Astronomers discover massive water reservoir in far-away quasar

Posted on Monday, Jul 25 2011 @ 13:31 CEST by Thomas De Maesschalck
Two teams of astronomers announced the discovery of APM 08279+5255, a quasar 12 billion light years away that holds at least 140 trillion times the amount of water in all the Earth's oceans combined.
This quasar holds a black hole that's 20 billion times more massive than the sun, and after gobbling down dust and gas it belches out as much energy as a thousand trillion suns. The water vapor is spread around the black hole in a gaseous region spanning hundreds of light years.

"The environment around this quasar is unique in that it's producing this huge mass of water," says Matt Bradford from NASA's Jet Propulsion Laboratory.

"It's another demonstration that water is pervasive throughout the universe, even at the very earliest times," adds Bradford. As the light from this watery quasar took 12 billion years to reach Earth, the observations come from a time when the universe was only 1.6 billion years old.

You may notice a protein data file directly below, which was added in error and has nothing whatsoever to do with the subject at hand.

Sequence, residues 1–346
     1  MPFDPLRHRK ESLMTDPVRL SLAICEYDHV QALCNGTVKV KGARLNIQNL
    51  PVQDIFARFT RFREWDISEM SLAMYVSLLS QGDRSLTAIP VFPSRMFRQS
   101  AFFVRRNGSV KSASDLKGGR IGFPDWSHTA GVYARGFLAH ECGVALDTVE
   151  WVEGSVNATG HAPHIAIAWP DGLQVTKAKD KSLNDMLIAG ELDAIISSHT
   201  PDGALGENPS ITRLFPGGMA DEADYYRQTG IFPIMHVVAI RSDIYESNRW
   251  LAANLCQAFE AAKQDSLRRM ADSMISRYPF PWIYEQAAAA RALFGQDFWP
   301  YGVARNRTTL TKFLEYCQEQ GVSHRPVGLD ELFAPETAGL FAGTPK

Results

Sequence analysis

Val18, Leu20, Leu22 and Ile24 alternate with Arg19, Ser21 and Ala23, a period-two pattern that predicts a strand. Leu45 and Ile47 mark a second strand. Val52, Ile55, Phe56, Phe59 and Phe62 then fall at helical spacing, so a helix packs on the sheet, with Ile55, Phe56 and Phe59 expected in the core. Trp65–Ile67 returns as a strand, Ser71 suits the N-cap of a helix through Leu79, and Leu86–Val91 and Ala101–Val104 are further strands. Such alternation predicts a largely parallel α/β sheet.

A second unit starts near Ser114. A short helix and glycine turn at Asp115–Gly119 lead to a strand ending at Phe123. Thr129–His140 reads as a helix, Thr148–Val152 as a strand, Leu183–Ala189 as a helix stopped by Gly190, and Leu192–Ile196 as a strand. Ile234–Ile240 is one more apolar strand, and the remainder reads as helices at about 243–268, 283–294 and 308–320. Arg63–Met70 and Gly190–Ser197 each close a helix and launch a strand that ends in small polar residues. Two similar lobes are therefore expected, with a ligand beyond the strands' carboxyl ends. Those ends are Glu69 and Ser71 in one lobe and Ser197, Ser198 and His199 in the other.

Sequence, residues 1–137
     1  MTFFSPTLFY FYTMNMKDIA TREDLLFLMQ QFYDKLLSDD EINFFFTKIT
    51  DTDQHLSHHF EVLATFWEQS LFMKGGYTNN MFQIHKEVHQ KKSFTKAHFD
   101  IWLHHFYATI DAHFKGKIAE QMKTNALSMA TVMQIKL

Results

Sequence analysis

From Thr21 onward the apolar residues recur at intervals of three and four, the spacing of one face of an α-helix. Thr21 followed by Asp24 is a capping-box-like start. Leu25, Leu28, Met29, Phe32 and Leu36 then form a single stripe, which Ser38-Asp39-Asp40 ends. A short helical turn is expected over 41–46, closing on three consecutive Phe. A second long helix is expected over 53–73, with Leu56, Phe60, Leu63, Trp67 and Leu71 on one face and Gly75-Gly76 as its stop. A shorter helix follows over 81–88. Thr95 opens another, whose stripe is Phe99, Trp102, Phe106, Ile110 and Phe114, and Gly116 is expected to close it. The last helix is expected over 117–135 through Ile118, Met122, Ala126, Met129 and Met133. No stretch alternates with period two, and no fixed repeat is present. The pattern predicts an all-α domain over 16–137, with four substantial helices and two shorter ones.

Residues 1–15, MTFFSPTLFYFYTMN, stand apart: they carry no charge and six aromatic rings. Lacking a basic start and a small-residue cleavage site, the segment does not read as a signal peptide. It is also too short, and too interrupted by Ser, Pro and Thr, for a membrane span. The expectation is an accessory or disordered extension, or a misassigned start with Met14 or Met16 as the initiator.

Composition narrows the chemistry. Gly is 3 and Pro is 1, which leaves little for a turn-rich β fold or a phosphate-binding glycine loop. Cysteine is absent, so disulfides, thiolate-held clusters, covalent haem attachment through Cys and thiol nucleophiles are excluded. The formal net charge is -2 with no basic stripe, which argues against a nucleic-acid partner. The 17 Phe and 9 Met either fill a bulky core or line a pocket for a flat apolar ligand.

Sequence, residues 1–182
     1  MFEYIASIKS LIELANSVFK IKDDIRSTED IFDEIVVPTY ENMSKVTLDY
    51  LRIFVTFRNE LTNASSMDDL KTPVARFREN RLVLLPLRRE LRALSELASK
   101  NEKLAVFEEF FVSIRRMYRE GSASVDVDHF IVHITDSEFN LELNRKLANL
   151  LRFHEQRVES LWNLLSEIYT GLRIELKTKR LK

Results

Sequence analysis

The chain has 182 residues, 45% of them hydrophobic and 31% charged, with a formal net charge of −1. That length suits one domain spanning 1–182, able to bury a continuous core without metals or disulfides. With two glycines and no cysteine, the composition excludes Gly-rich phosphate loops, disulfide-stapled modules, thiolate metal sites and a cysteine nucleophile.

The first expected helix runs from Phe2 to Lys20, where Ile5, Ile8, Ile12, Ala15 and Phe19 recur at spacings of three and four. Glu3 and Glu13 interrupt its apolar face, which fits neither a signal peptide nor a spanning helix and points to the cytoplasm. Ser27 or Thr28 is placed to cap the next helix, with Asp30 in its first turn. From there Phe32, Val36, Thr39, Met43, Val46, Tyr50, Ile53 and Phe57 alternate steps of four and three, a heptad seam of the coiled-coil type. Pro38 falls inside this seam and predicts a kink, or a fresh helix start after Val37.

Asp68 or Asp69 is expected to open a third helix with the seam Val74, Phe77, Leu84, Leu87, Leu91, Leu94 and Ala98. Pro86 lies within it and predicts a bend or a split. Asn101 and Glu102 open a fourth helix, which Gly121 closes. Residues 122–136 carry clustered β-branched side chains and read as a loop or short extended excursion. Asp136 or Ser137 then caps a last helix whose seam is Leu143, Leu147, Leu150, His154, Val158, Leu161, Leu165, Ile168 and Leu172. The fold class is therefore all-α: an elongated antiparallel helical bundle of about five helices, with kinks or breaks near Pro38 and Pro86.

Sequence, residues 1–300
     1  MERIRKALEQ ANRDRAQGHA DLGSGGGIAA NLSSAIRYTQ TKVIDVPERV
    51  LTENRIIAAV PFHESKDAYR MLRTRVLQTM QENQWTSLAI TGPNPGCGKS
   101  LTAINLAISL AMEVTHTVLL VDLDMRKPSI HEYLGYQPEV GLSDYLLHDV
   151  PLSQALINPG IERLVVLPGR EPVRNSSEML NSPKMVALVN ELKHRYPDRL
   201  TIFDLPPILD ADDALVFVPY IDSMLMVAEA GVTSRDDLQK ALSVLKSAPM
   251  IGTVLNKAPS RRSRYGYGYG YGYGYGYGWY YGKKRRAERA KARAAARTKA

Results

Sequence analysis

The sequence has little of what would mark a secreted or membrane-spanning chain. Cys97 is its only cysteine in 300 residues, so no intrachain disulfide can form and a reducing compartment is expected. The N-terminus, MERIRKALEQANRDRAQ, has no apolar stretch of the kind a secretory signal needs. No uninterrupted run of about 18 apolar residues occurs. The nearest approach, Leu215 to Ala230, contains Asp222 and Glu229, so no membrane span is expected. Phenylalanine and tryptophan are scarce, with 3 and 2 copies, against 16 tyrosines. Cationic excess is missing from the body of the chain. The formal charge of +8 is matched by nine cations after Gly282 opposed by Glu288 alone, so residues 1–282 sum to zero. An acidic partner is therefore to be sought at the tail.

Source: Wired



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Thomas De Maesschalck

Thomas has been messing with computer since early childhood and firmly believes the Internet is the best thing since sliced bread. Enjoys playing with new tech, is fascinated by science, and passionate about financial markets. When not behind a computer, he can be found with running shoes on or lifting heavy weights in the weight room.



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